We're excited have young artist/musician/writer Gabriela Georges perform at the Bowery Theatre as part of the Melbourne Fringe Festival. Her show 'Rise & Fall' offers a personal meditation on how grief and relationships evolve past loss, using poetry, music, and her beloved mum's belongings.
1. Describe what you do and your artform(s):
I transform my personal experiences into spoken word poetry, songs, and performances as a way of processing them, and then support others to do the same. My practice includes playing music, writing, performing, and facilitating workshops with different community groups, particularly those who don't see themselves as "artists". I currently facilitate creative grief workshops and events with adults (through The Grief Cocoon), nature-based workshops with toddlers, and creative writing workshops with young people and adults who are detoxing and/or recovering from drug and/or alcohol addiction.
In all my outlets, I try to create inviting spaces for people to think, feel, reflect, play, or express.
2. Which artists have influenced your practice and why?
As a teenager, I was heavily influenced by musicians, such as India Arie, Ben Harper and Lauryn Hill, because they were so vulnerable and honest in their work. I really appreciated how clearly they were able to articulate their thoughts and feelings through songs.
As a younger adult, I became inspired by the work of more poets, such as Khalil Gibran, Maya Angelou, and Ali Cobby Eckermann. I connected to how sincere and simple their work was, while also being quite profound.
In more recent years, the most inspiring and influential artists to me have been Mother Nature and the people around me - peers, mentors, workshop participants, and friends. I love the stillness and creativity of nature, as well as the reflective and brilliant minds of those around me.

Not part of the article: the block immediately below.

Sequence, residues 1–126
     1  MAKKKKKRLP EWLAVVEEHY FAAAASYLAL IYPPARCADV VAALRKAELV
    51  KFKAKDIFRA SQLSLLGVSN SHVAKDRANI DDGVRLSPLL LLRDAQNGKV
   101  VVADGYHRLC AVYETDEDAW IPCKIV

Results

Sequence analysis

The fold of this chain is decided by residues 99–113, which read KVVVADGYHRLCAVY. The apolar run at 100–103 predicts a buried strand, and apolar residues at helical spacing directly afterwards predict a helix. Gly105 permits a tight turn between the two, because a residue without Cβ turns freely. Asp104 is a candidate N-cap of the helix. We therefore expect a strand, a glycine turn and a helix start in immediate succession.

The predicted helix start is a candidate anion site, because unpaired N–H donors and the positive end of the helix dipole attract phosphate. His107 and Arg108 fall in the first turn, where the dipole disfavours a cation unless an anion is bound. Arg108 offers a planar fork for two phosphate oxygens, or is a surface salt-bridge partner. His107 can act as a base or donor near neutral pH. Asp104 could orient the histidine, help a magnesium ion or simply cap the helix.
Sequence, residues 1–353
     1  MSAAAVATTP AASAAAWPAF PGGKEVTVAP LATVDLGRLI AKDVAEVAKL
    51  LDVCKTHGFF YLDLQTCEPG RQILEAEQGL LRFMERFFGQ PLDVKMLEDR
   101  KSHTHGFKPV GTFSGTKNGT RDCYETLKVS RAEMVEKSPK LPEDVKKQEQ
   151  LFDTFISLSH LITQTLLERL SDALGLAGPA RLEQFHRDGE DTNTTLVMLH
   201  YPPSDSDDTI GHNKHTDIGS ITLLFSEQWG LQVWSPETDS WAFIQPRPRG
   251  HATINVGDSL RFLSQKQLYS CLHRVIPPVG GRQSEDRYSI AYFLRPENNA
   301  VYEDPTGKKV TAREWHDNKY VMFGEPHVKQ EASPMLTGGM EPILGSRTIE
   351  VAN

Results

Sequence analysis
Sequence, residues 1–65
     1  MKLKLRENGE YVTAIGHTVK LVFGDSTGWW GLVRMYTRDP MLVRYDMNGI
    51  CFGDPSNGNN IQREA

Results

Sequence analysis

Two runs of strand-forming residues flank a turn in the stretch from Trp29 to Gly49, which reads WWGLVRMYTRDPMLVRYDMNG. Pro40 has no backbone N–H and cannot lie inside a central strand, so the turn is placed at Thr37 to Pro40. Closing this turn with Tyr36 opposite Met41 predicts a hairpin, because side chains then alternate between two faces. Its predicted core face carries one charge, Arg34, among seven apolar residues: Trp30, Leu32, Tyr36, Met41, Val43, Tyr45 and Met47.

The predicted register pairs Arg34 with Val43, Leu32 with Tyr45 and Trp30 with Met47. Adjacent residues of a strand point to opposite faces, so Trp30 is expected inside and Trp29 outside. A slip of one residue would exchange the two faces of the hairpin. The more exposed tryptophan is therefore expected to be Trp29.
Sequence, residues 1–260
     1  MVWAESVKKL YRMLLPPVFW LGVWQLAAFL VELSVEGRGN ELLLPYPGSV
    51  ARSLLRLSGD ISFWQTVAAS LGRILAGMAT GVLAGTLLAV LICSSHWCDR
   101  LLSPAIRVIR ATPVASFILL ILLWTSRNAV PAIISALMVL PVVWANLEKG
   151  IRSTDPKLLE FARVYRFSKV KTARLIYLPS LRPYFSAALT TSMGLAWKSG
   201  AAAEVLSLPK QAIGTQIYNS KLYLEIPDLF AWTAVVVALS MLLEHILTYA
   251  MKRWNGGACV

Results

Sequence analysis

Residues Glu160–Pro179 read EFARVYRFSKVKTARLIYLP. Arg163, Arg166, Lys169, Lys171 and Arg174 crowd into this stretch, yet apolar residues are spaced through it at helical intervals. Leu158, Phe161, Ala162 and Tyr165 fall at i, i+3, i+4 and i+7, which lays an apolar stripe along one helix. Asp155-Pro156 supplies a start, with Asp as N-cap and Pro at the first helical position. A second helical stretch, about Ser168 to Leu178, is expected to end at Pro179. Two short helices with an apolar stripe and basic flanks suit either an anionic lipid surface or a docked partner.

3. Your show delves into some very personal experiences, as an artist how do you navigate challenging emotions to share your story?
Well, I don't share my work unless I feel ready to and I know that I've processed the experiences and feelings they reference. There have been times when I've become emotional while performing and, in those moments, I stop and take a minute to compose myself before continuing.
I think it's important as a performer to consider why I'm sharing the work I've created and what I'd like the audience to take away from hearing or watching the work.
4. What can people expect from Rise & Fall? And how do you want them to feel after the show?
They can expect an honest, reflective, and heartfelt show about the relationship between my Mum and I, before and after she died. They can expect moments of quiet, space for reflection, and storytelling through spoken word, music, and performance.
I'd like the audience to feel like a weight has been lifted off their shoulders, and to walk away with a sense of comfort and relief.
5. If you could collaborate with any artist – past or present – who would you collaborate with and why?
I would collaborate with my Mum - she was a brilliant seamstress! We made a couple of dresses together, which I designed and she sewed, but there is still so much more we could've created together with all the fabric she collected.
6. Where do you see yourself in 10 years?
I'm not exactly sure as I like to leave room for life to surprise me. But eventually, I see myself living on a river/lake and creating things for fun every day - alone and with others. I see myself growing The Grief Cocoon, sharing the power of art as a tool for processing grief with people worldwide, and advocating for a more grief-friendly society.
*Rise & Fall is sold out*